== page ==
- Respondent argues that any remedy should apply only prospectively, or should result in a fee increase for debtors who paid less in the Administrator Program districts.
- The parties raise a host of legal and administrative concerns with each of the remedies proposed, including the practicality, feasibility, and equities of each proposal; their costs; and potential waivers by nonobjecting debtors.
- The court below, however, has not yet had an opportunity to address these issues or their relevancy to the proper remedy.
- Mindful that we are a court of review, not of first view, . . . this Court remands for the Fourth Circuit to consider these questions in the first instance.
-Response from Fourth Circuit
In response, the Fourth Circuit, on July 20,2022, rules: “this case is remanded to the bankruptcy court” in the Eastern District of Virginia.
On remand, back in the Eastern Virginia Bankruptcy Court (Case No. 08-35653, In re Circuit City Stores, Inc.), things are progressing like this:
- disputes exist over a briefing schedule (see Doc. 14329 & 14330); and
- a motion to dismiss a Siegel v. Fitzgerald adversary proceeding is pending (see Doc. 45 & 46, Adv. Pr. 19-03091).
Fallout in Other Circuits
–Response from Tenth Circuit
On October 5, 2021, (many months before the Supreme Court’s June 6, 2022, Siegel opinion) the Tenth Circuit Court of Appeals rules in the case of Hammons v. U.S. Trustee, 15 F.4th 1011 (10th Cir. Oct. 5, 2022):
- “We hold that the . . . fee disparities fail under the uniformity requirement of the Bankruptcy Clause”; and
- “we remand to the bankruptcy court for a refund of the amount of quarterly fees paid exceeding the amount that Debtors would have owed in a Bankruptcy Administrator district during the same period.”
Following issuance of the Supreme Court’s Siegel v. Fitzgerald opinion, the Tenth Circuit:
- recalls its mandate from the bankruptcy court; and
- orders the parties to file supplemental briefs regarding the impact of Siegel on this appeal.
After receiving the supplemental briefs, the Tenth Circuit reinstates its prior opinion. Such opinion places the remedy on a refund of fees in U.S. Trustee districts because:
- “we lack authority” to impose a remedy up Alabama and North Carolina”;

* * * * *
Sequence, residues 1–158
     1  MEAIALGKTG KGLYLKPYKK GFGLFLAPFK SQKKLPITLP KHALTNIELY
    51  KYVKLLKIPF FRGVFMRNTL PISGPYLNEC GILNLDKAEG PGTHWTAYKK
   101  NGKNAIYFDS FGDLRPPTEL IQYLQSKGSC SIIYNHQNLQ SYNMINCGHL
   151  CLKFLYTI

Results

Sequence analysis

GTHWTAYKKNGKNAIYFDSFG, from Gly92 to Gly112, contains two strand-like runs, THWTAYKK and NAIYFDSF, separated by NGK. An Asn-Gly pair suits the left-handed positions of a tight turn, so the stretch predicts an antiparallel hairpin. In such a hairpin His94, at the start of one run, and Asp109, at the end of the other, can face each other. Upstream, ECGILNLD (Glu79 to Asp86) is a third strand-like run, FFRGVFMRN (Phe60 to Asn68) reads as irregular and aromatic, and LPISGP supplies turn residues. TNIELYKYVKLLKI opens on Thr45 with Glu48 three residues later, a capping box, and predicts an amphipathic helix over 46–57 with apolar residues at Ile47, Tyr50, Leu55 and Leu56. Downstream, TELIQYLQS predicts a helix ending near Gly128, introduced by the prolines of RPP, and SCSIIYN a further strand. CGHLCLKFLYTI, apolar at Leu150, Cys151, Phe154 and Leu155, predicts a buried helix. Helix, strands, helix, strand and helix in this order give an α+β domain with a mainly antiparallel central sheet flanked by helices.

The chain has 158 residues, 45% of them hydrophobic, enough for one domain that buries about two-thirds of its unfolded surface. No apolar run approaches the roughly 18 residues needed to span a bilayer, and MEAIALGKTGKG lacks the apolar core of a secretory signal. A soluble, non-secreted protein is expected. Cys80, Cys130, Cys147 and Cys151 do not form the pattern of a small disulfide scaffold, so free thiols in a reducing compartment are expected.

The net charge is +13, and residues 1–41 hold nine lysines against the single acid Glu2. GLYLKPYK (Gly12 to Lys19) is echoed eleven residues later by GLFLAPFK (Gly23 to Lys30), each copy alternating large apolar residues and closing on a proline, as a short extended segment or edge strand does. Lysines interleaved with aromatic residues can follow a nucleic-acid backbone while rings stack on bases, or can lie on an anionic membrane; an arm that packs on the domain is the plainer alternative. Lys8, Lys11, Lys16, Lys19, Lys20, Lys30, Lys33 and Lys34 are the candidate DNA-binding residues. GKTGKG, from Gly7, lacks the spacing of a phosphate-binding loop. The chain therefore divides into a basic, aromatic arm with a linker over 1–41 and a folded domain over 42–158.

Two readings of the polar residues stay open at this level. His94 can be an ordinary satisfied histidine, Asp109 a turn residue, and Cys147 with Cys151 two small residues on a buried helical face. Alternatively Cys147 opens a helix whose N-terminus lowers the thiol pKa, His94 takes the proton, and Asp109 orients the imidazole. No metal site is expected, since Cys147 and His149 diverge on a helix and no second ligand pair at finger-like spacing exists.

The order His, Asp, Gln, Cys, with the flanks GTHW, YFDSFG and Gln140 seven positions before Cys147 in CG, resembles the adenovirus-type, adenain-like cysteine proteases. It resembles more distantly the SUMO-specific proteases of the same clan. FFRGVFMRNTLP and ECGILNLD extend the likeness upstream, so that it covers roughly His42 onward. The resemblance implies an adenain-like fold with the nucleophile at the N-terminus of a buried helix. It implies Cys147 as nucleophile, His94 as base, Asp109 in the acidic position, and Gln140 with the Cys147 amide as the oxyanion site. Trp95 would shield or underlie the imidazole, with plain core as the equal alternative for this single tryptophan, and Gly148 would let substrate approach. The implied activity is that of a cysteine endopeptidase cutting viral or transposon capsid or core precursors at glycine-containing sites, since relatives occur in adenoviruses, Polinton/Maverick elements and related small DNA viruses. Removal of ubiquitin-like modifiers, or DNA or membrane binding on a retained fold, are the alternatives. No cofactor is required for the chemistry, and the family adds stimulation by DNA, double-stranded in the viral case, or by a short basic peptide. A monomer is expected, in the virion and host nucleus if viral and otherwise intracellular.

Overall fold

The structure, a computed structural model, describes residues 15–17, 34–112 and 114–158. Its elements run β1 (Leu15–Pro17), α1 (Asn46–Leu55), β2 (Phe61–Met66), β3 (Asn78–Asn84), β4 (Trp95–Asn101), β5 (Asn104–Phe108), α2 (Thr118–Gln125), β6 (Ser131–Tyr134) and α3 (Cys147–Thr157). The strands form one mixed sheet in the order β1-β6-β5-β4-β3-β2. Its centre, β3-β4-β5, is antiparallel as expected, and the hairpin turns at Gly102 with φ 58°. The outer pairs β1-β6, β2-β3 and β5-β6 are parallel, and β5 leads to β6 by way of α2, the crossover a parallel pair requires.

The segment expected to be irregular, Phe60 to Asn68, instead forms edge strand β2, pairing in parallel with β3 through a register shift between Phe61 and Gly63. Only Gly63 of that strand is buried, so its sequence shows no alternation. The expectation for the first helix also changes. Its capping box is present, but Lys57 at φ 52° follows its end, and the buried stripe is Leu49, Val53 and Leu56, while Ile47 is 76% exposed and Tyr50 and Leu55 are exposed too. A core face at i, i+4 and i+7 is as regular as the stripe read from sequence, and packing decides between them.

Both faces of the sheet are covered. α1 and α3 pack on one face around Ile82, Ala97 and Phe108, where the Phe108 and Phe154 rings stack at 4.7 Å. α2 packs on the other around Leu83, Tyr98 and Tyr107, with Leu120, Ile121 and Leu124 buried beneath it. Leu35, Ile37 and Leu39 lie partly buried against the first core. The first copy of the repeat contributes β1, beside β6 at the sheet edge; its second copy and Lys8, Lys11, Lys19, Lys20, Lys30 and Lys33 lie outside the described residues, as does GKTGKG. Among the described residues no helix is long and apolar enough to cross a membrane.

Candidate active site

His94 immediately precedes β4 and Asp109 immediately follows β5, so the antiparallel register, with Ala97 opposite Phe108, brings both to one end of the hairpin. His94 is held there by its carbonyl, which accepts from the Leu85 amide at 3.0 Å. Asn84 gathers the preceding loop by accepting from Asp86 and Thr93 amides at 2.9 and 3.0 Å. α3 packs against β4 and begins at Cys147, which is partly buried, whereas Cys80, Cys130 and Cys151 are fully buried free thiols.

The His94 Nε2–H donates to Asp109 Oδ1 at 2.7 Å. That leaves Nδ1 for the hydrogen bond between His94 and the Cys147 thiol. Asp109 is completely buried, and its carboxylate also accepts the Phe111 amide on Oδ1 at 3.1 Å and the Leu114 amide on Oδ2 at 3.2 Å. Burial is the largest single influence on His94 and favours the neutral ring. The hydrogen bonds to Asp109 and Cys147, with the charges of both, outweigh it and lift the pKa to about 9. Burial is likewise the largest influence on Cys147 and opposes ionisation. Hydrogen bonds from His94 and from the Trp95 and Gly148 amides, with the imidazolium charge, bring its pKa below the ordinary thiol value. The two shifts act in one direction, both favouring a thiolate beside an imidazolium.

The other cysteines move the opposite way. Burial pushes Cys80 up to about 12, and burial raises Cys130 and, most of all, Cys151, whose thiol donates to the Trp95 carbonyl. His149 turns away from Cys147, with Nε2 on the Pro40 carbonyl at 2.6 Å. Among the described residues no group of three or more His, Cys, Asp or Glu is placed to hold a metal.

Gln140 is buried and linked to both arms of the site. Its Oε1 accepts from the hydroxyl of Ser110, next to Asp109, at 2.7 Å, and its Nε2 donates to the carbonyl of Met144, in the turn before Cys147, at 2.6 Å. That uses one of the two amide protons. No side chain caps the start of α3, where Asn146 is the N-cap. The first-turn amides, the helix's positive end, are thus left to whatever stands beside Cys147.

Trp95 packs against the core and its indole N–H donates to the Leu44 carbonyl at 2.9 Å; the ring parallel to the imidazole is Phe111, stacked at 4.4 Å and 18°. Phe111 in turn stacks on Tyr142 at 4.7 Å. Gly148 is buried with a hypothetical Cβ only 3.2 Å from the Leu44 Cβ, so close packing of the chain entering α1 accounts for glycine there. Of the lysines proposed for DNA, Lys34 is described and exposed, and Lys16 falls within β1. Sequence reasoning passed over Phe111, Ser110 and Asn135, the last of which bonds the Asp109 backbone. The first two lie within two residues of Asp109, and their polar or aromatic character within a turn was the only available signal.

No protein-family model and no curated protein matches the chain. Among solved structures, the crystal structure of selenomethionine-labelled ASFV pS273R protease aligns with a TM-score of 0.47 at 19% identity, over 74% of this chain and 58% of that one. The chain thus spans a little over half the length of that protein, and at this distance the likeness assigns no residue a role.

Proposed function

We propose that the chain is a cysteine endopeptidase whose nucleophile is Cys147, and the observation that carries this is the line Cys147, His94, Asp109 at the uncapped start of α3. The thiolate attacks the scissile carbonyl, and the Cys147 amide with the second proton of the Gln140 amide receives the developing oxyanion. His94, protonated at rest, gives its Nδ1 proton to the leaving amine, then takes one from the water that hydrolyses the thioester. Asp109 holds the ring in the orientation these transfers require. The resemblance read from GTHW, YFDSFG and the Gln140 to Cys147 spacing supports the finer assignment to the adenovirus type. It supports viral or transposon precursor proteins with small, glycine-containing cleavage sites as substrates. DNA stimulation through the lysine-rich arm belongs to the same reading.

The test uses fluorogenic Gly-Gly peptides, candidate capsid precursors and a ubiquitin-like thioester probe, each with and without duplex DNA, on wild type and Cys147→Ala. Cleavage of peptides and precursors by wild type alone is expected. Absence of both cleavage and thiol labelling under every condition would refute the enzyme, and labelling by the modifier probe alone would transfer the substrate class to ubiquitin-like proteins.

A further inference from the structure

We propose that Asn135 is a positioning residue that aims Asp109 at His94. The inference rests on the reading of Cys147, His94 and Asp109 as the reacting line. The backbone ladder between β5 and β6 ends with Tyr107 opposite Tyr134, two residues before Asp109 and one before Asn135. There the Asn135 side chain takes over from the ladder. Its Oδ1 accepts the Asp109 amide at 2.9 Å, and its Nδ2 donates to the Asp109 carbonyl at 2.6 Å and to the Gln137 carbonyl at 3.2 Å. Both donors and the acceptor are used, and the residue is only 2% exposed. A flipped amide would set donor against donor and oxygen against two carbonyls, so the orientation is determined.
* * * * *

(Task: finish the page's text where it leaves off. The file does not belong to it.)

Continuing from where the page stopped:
- “which is why the constitutional infirmity persists and we are having this debate today.”
The last entry on the Tenth Circuit’s electronic docket for this case is:
- “09/23/2022 Order . . . granting appellee’s motion for 30-day extension of time to file petition for rehearing until 10/31/2022.”
–Response from Eleventh Circuit
On January 14, 2022, the Eleventh Circuit rules, in its U.S. Trustee Region 21 v. Bast Amron LLP opinion (Case No. 20-12547), that the increased fees in U.S. Trustee districts “applied to this pending bankruptcy case without a due process violation and without offending a uniformity requirement, the only source of which is the Bankruptcy Uniformity Clause.”
On a petition for writ of certiorari from this Eleventh Circuit opinion, the U.S. Supreme Court makes the following docket entry dated June 27, 2022: “Petition GRANTED. Judgment VACATED and case REMANDED for further consideration in light of Siegel v. Fitzgerald, 596 U.S. ___ (2022).”
Back in the Eleventh Circuit, docket entries dated October 19, 2022, declare that oral arguments on this case are scheduled in the Eleventh Circuit for “02/13/2023.”
–Response from Federal Circuit
A pending appeal before the U.S. Court of Appeals for the Federal Circuit is from this November 30, 2020, ruling by the U.S. Court of Federal Claims:
- “Because plaintiff has not—and cannot—plead that the increased [quarterly fees in U.S. Trustee districts] violated the Constitution, a statute or a regulation, plaintiffs cannot state an illegal exaction claim upon which relief can be granted”;
- “Therefore, plaintiffs’ complaint must be dismissed.”
- Such ruling is in the case of Acadiana Management Group, LLC v. U.S., Case No. 19-496C (Doc. 42; and reconsideration denied on May 6, 2021, Doc. 55).
On September 16, 2022, the Court of Appeals for the Federal Circuit rules in such case that, (i) the dismissal order and the reconsideration denial order “are vacated,” and (ii) “the case is remanded for proceedings consistent with the Supreme Court’s decision in Siegel.”
Lots of post-Siegel activity is occurring out there.
The most recent activity is the remedy remand to the Second Circuit in Clinton Nurseries discussed above. It will be interesting to see what the Second Circuit does in response to the Supreme Court’s remand:
- Will it punt, like the Fourth Circuit and Federal Circuit, by further remanding the remedy issues to the bankruptcy court for development; or
- Will it respond, like the Tenth Circuit and Eleventh Circuit, with with its own development of remedy issues in the Circuit Court of Appeals?
Only time will tell.